As the beat rocked and the candle flickered in the fading light, before my own mat a full class naturally unfolded. It probably lasted an hour, from all three Warriors to Dolphin to Hanuma to Wheel with plenty of Downward Dog pose in between. Through my free style, I learned that I like long sequences on one side before switching to the other and that I prefer to move slowly (but powerfully) through the poses as well as the flows. (Doing so helps me slow down my breath and feel everything more deeply.) I also learned that I really need to do more outer-hip openers or I'll never come close to Full Lotus (which is supposed to be the best position for meditating). But most importantly, I learned that I can trust myself. Completely.

It's my 24th birthday tomorrow. If we assume a life expectancy of 96 (just go with it), now would be an appropriate time to entertain a quarter life crisis. Thanks to yoga teacher training, it's already happening and somehow I never saw it coming.

Now I'm four weeks in and questioning everything in my life from the way I choose to I spend my time and the people I choose to spend it with to the books I read and shows I watch. 

It's exhausting, this thorough introspection and self re-evaluation. Not that I had a full grip on the affairs of my soul (let alone the universe at large) before I kicked off my 200 hours of yoga teacher training - which, by the way, I'm so happy I get to stretch over six full months. But now I have no choice but to deal with myself, my baggage, etc., because a lot of the principles we're being taught directly contradict the way I've lived my life so far.

Who knew yoga could be so therapeutical beyond the physical realm? (Not I.) But you know what they say about therapy: before it gets better it usually gets a lot worse. And that's what's going on right now with all the questioning. It ain't comfortable. And it ain't pretty.

Questions I've asked myself in the past week: Why did my parents have to raise me to be so damn competitive? Why does our need for validation so often outweigh our desire for happiness? What if I were to jump off the corporate ladder and teach yoga full-time? Why don't I have the balls to do that? Why do we have to suffocate kids' creativity? Why is my ego so out-of-control? Why can't I stop being so hard on myself? Do I have to be Vegan?? Is yoga completely bogus? Who am I, even?!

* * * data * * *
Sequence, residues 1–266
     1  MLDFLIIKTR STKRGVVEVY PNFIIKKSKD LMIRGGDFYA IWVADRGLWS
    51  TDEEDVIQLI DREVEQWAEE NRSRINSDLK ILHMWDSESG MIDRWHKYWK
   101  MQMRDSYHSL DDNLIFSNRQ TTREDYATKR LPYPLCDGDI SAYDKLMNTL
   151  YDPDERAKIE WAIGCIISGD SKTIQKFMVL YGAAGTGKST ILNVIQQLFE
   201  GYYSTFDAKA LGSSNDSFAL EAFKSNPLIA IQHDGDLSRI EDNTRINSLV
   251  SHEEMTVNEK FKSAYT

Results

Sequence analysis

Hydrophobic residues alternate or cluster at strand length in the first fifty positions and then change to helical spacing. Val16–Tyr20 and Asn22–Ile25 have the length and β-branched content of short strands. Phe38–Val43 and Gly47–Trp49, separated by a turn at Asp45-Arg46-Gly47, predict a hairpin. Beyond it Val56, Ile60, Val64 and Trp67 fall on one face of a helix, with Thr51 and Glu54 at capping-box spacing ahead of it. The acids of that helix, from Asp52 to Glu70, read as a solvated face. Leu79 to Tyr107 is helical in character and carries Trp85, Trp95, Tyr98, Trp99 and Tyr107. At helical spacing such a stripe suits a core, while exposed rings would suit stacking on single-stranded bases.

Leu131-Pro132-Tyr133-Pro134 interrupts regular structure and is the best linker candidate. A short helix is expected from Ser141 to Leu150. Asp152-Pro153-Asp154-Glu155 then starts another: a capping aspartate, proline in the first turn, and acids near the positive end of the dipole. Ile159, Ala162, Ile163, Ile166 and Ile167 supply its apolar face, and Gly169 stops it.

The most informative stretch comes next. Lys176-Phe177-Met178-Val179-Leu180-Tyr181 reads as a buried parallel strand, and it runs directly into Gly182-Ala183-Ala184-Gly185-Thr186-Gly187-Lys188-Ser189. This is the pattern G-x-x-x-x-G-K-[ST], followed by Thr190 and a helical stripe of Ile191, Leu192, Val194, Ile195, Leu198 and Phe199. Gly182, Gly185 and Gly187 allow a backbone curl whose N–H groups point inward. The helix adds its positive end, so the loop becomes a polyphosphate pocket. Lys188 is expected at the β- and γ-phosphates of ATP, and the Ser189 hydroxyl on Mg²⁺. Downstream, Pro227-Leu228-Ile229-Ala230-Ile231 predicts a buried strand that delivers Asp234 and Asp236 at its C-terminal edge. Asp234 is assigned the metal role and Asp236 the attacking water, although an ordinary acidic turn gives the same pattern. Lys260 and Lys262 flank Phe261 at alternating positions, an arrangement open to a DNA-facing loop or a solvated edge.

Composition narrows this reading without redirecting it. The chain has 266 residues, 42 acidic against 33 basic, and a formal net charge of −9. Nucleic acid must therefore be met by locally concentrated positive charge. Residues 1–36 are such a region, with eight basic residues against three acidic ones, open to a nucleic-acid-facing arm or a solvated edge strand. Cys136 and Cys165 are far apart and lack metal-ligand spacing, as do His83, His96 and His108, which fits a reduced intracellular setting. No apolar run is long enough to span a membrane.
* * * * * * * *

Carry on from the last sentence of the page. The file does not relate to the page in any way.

The below story will shed some light on where I've turned for answers.

Everyone ("everyone" being the YTTT program teachers as well as the authors of our required yoga books) keeps harping on the importance for teachers to have a daily practice not only of their own but on their own. Just you and your body.

"Practice what you teach" seems obvious enough, but the idea of practicing it alone has always freaked me out. I love going to class, yet there are days scheduling and logistics won't allow it. And other days I'm just too lazy to leave my house. Specifically for these days, I've adopted, a Netflix for yoga, if you will, that, for a monthly fee, allows you to watch unlimited yoga class videos with the option to filter classes by duration, teacher, level and style. It's quite addicting, actually. 

Yes, alone with a video I can definitely do. But alone, calling the shots myself as I go? That, to me, has never sounded comfortable or effective in the slightest - instead, painfully awkward and frustrating.

But I thought I should give it a shot regardless. After all, if I can't teach myself without someone telling me what to do and when to do it, how can I expect to teach a room full of people? So Friday evening before our lecture on the ancient yoga texts, I re-arranged some furniture in my room, unrolled my bubblegum pink mat in the space created, lit a candle, put on some new trance-y jams, resisted the urge to pull up yogaglo, took a deep breath, and dove into sun-salutations, not knowing what would happen next. And that's when I learned we're each equipped with all the knowledge of all the universe within our very cells. All we have to do is learn how to listen.